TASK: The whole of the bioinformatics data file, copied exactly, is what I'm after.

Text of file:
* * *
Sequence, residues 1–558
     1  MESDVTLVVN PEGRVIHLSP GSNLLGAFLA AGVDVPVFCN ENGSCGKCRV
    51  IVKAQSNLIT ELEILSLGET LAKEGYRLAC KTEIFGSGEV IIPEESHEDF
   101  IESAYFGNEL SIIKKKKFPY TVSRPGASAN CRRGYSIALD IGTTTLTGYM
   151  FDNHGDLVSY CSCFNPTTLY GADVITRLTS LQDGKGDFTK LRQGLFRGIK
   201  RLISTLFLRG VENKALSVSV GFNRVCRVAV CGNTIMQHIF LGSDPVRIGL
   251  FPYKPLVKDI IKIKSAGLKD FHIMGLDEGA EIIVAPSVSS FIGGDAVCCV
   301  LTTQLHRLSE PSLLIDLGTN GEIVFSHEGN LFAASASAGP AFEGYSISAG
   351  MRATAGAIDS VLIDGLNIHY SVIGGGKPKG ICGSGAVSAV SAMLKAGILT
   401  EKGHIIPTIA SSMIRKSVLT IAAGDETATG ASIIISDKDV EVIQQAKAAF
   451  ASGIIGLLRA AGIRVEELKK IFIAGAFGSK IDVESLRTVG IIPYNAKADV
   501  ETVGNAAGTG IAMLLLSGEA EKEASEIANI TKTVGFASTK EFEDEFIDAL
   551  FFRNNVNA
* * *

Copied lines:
Sequence, residues 1–558
     1  MESDVTLVVN PEGRVIHLSP GSNLLGAFLA AGVDVPVFCN ENGSCGKCRV
    51  IVKAQSNLIT ELEILSLGET LAKEGYRLAC KTEIFGSGEV IIPEESHEDF
   101  IESAYFGNEL SIIKKKKFPY TVSRPGASAN CRRGYSIALD IGTTTLTGYM
   151  FDNHGDLVSY CSCFNPTTLY GADVITRLTS LQDGKGDFTK LRQGLFRGIK
   201  RLISTLFLRG VENKALSVSV GFNRVCRVAV CGNTIMQHIF LGSDPVRIGL
   251  FPYKPLVKDI IKIKSAGLKD FHIMGLDEGA EIIVAPSVSS FIGGDAVCCV
   301  LTTQLHRLSE PSLLIDLGTN GEIVFSHEGN LFAASASAGP AFEGYSISAG
   351  MRATAGAIDS VLIDGLNIHY SVIGGGKPKG ICGSGAVSAV SAMLKAGILT
   401  EKGHIIPTIA SSMIRKSVLT IAAGDETATG ASIIISDKDV EVIQQAKAAF
   451  ASGIIGLLRA AGIRVEELKK IFIAGAFGSK IDVESLRTVG IIPYNAKADV
   501  ETVGNAAGTG IAMLLLSGEA EKEASEIANI TKTVGFASTK EFEDEFIDAL
   551  FFRNNVNA